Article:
units

ATS2634

Faculty of Arts

Undergraduate - Unit

This unit entry is for students who completed this unit in 2013 only. For students planning to study the unit, please refer to the unit indexes in the the current edition of the Handbook. If you have any queries contact the managing faculty for your course or area of study.

print version

6 points, SCA Band 1, 0.125 EFTSL

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LevelUndergraduate
FacultyFaculty of Arts
Organisational UnitAnthropology
OfferedCaulfield Second semester 2013 (Day)
Clayton Second semester 2013 (Day)
Coordinator(s)Julian Millie for Caulfield and Clayton campuses

Notes

Previously coded INT2150

Synopsis

Many scholars understand indigeneity in terms of:

  1. original relationships to particular lands
  2. historical engagements with colonial or settler populations
  3. distinct present-day cultural practices, ideologies and self-representations
  4. embeddedness and appropriation of intangible heritage.

This unit explores indigeneity by focusing on its global emergence and future trajectories. Key topics may include land and treaties; law and translation; education; art and the appropriation and consumption of intellectual property; and religion and ritual. The unit contains modules on specific regions which may include Australia and NZ; the Pacific Islands; Asia; the Americas; and Africa.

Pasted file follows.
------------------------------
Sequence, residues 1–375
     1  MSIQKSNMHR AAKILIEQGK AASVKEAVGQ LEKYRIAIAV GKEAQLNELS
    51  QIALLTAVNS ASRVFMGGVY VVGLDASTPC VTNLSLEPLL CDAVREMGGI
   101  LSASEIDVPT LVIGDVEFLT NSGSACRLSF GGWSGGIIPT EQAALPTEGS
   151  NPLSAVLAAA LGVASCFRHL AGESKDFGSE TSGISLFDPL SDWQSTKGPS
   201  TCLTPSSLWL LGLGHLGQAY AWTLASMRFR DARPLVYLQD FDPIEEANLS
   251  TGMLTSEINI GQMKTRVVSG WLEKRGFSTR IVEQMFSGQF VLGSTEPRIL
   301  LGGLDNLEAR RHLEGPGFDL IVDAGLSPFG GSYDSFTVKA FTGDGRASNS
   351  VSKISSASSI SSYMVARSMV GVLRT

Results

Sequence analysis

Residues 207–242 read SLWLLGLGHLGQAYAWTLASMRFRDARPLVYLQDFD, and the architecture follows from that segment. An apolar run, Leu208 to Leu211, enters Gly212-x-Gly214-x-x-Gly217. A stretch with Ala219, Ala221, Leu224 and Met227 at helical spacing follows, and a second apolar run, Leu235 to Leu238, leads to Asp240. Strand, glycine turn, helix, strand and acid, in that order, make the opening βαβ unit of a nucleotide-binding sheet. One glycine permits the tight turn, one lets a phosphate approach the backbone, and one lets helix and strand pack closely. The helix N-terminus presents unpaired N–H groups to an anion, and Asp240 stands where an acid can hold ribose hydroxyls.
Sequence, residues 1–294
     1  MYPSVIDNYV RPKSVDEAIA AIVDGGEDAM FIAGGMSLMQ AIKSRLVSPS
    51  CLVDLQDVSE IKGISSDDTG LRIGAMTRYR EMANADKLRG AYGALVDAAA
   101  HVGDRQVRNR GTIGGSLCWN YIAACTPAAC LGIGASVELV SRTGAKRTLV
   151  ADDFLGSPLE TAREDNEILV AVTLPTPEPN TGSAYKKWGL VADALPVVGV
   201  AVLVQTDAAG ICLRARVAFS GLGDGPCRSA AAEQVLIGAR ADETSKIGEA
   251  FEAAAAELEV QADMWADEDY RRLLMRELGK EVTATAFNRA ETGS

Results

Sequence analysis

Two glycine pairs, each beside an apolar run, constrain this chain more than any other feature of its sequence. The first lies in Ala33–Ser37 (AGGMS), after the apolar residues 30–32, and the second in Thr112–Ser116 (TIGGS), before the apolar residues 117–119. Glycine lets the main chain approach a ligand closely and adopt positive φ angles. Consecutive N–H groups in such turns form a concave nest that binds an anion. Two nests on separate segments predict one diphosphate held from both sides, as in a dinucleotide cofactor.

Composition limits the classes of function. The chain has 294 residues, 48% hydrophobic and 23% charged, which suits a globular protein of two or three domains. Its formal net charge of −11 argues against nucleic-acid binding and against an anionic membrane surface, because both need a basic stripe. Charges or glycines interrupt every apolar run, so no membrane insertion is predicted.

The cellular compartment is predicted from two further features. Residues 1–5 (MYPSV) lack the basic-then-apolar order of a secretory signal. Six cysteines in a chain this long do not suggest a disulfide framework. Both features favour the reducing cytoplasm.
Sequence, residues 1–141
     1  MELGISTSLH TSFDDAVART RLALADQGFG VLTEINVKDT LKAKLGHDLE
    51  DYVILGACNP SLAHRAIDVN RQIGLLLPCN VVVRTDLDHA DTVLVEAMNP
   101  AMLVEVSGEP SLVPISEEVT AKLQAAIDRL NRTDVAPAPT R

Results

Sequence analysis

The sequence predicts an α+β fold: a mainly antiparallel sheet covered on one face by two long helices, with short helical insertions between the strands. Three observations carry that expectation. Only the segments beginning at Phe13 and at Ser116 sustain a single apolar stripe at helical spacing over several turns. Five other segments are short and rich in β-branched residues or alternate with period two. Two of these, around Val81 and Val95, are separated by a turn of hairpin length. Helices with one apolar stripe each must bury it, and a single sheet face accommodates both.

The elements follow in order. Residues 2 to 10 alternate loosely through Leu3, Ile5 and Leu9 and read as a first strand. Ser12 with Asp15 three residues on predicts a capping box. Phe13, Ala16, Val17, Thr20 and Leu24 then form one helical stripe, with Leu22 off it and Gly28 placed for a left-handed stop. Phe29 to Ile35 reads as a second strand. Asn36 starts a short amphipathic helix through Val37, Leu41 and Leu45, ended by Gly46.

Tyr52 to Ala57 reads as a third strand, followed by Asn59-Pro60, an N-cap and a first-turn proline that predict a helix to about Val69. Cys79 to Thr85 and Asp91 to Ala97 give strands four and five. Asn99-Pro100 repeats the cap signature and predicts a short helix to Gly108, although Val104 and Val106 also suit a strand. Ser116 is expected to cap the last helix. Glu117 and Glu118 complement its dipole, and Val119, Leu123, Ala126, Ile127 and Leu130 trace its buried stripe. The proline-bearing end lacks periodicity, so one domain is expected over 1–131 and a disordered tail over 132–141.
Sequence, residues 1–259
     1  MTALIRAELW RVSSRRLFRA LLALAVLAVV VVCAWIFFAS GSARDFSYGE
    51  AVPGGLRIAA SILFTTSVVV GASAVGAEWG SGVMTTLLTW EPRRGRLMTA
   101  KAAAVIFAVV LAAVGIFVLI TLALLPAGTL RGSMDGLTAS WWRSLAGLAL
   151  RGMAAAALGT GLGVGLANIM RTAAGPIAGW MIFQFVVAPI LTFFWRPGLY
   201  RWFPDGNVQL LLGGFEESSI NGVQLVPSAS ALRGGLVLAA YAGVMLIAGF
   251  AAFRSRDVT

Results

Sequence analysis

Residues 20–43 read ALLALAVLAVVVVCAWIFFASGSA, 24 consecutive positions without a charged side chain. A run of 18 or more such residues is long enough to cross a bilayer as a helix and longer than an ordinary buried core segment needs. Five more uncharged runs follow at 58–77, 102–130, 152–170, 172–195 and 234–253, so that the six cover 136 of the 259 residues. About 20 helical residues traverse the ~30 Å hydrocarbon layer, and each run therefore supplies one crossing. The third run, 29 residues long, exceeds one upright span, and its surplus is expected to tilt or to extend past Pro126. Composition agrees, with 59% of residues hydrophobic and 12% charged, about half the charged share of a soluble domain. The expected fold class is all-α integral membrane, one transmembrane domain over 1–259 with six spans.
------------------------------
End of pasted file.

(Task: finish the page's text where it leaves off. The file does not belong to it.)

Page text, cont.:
Outcomes

After successfully completing this unit at second-year level, students should be able to:

  1. display knowledge of various definitions of indigeneity;
  2. identify key debates in studies of indigeneity;
  3. articulate broad connections between cultural identity and expression, history, land, and political power;
  4. display an understanding of indigenous issues pertinent to thee specific cultural-geographical regions;

For students taking the unit at third-year level, there should be:

  1. display knowledge of various definitions of indigeneity;
  2. identify key debates in studies of indigeneity;
  3. articulate broad connections between cultural identity and expression, history, land, and political power;
  4. display an understanding of indigenous issues pertinent to thee specific cultural-geographical regions;

With the additional objective of:

5. write a brief (1500 words) but focused research paper on the global connections between disparate indigenous movements.

Students at either level are expected to develop their abilities to:

  1. use analytic and interpretive skills in dealing with social science accounts of diverse peoples;
  2. read written sources and view visual materials critically;
  3. assess preconceived ideas about what indigenous cultures are like;
  4. present logical, coherent arguments in writing.

Assessment

Written work (3000 words): 60%
Exam (1500 words): 30%
Tutorial participation: 10%

Chief examiner(s)

Contact hours

One 1-hour lecture and one 1-hour tutorial per week

This unit applies to the following area(s) of study

Prerequisites

A first-year sequence in Anthropology, Australian Indigenous Studies, International Studies, Spanish and Latin American Studies, or a cognate discipline, or by permission

Prohibitions